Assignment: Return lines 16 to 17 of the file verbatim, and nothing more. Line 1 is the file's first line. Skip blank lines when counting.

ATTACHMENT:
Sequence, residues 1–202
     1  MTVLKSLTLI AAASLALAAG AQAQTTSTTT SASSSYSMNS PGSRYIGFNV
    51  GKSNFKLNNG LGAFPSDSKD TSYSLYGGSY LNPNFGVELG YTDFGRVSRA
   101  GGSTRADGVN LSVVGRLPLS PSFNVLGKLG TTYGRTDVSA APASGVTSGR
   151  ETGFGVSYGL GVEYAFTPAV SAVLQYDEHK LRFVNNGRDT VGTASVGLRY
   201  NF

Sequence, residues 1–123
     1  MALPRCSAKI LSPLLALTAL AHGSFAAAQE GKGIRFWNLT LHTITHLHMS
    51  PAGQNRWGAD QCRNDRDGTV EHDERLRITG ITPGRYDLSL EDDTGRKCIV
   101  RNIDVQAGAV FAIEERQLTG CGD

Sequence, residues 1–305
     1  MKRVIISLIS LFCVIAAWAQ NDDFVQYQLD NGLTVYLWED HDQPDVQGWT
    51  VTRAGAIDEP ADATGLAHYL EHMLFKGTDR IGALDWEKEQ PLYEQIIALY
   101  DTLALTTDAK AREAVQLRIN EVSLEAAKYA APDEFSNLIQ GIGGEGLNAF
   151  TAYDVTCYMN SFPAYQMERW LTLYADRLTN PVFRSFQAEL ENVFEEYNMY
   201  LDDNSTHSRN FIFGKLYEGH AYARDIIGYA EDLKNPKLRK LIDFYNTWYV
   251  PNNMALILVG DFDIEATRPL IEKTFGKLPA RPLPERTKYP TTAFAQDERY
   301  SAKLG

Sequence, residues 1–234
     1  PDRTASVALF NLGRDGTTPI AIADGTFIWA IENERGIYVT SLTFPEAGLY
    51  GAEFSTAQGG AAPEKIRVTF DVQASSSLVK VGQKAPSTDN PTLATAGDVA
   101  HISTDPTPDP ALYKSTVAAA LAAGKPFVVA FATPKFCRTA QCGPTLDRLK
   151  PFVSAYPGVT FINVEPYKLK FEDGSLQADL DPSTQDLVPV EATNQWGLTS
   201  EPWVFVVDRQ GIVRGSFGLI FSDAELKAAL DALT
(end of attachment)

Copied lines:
   201  LDDNSTHSRN FIFGKLYEGH AYARDIIGYA EDLKNPKLRK LIDFYNTWYV
   251  PNNMALILVG DFDIEATRPL IEKTFGKLPA RPLPERTKYP TTAFAQDERY